President Moon Jae-in on Friday appointed Lee Mi-sun and Moon Hyung-bae as Constitutional Court justices, pushing ahead with the appointments despite fierce objections from the main opposition Liberty Korea Party.
The appointment did not come as a surprise as the National Assembly’s Judiciary Committee had failed to reach a consensus on the two nominees Thursday, the deadline for the National Assembly to submit its confirmation hearing reports.
Ruling party lawmakers refused to attend the Judiciary Committee meeting, insisting that both nominees be given the green light, while the Liberty Korea Party and minor opposition Bareunmirae Party held vigorously against Lee’s appointment.
Justices Seo Ki-seok and Cho Yong-ho saw their tenures expire Thursday.
The Liberty Korea Party plans to hold a massive rally at Gwanghwamun Square in central Seoul on Saturday to protest the Moon Jae-in administration.
Constitutional Court Justice nominee Lee Mi-sun attends a confirmation hearing at the National Assembly on Wednesday. (Yonhap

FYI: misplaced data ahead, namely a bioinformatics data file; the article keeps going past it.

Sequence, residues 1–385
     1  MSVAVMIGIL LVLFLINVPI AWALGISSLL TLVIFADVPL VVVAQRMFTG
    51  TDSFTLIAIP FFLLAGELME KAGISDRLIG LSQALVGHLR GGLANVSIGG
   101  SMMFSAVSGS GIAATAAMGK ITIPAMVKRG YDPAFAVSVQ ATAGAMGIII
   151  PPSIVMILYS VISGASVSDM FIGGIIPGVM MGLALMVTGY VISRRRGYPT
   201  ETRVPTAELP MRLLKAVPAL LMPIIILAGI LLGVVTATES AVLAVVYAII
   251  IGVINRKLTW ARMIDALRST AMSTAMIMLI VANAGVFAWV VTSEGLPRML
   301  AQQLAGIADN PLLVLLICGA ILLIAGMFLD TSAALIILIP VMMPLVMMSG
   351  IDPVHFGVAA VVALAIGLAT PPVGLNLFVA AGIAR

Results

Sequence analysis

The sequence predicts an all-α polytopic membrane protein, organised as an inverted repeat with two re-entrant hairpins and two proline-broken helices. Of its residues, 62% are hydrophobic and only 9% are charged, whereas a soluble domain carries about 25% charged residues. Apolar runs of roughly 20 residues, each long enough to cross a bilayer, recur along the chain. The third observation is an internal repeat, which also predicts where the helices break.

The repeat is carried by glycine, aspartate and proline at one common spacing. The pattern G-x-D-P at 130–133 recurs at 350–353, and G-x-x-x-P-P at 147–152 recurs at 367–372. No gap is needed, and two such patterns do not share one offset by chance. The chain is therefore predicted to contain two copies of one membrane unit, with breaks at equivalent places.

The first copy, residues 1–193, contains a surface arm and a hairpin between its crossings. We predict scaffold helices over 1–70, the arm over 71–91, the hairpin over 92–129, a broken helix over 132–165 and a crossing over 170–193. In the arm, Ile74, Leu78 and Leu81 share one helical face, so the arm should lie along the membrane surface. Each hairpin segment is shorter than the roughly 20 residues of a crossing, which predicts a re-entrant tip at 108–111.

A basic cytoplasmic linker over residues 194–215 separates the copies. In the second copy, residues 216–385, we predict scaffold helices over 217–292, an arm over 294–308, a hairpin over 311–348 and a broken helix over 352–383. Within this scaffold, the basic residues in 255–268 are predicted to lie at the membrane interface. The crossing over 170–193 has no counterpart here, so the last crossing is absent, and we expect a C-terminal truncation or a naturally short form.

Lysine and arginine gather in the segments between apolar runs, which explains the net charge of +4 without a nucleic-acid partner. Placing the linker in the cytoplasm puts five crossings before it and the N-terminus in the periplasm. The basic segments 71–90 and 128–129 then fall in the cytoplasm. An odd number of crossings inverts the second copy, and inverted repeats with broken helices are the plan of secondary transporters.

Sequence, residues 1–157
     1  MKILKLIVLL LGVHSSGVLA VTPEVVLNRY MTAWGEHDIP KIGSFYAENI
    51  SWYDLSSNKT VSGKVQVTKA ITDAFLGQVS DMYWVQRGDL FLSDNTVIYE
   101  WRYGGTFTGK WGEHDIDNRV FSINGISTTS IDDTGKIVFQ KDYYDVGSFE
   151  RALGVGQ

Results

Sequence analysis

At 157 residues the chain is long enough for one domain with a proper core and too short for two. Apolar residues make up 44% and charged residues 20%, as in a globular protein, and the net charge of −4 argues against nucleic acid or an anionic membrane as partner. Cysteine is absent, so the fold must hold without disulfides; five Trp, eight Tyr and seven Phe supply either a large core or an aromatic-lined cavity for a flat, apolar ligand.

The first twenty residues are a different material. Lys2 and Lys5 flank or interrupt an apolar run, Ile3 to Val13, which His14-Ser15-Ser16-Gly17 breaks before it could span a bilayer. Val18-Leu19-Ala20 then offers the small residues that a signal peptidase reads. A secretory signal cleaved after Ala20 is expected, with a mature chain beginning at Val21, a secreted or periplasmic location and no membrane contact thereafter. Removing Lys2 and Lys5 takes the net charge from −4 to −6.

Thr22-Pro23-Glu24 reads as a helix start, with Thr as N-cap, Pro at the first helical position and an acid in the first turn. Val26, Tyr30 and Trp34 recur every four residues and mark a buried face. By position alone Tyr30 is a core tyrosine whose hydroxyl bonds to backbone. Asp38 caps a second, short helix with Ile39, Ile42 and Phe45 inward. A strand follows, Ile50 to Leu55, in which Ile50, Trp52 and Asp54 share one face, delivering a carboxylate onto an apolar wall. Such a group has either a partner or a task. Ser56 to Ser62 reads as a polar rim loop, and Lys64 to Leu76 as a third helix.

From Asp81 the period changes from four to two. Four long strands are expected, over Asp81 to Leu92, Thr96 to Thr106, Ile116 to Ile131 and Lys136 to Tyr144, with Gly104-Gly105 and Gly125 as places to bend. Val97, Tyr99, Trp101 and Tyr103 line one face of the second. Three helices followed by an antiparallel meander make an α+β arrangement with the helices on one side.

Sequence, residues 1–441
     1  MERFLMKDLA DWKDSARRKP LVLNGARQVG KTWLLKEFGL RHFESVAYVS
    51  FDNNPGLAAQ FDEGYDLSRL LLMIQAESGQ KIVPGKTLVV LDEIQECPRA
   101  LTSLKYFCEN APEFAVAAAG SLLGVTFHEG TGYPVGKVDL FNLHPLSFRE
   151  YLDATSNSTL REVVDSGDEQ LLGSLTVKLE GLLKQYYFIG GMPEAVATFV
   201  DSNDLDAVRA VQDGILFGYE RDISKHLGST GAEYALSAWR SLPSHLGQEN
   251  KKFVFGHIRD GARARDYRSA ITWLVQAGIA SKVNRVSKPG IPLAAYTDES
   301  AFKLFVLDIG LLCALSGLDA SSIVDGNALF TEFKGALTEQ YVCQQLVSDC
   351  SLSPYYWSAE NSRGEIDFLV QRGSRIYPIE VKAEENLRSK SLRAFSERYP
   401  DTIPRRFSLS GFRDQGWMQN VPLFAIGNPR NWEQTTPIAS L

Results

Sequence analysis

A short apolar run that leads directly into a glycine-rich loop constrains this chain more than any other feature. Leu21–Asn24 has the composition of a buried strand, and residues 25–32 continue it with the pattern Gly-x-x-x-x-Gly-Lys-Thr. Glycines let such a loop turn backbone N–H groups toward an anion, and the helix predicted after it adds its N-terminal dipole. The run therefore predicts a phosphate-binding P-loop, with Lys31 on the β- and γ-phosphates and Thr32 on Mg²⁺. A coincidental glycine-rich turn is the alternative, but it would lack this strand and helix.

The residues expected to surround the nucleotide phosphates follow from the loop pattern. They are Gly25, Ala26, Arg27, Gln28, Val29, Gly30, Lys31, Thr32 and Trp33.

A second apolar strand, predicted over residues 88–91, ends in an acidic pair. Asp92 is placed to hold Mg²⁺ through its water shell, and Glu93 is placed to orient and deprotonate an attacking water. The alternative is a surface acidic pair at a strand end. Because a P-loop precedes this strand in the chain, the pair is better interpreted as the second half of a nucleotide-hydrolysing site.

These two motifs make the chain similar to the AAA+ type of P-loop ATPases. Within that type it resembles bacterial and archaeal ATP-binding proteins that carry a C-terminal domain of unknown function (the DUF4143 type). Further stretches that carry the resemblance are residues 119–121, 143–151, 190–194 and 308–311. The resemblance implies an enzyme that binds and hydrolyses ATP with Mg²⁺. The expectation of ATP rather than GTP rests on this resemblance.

“If Lee Mi-sun and Moon Hyung-bae are appointed as Constitutional Court justices, 6 of the 9 justices will be pro-Moon-leaning figures. The administration is seeking to define what it does not like as ‘deep-rooted evil’ and take the matter to the Constitutional Court,” main opposition Floor Leader Na Kyung-won had said in a party meeting held early in the day.
Na alleged the administration would be able to craft policies on North Korea without parliamentary approval if the Constitutional Court were to rule the National Security Law unconstitutional.
Echoing Na, party leader Hwang Kyo-ahn on Thursday vowed to fight Lee’s nomination, saying, “If the president finalizes the appointment of candidate Lee, the party will use all possible measures to fight the decision together with citizens.”
By Kim Bo-gyung (firstname.lastname@example.org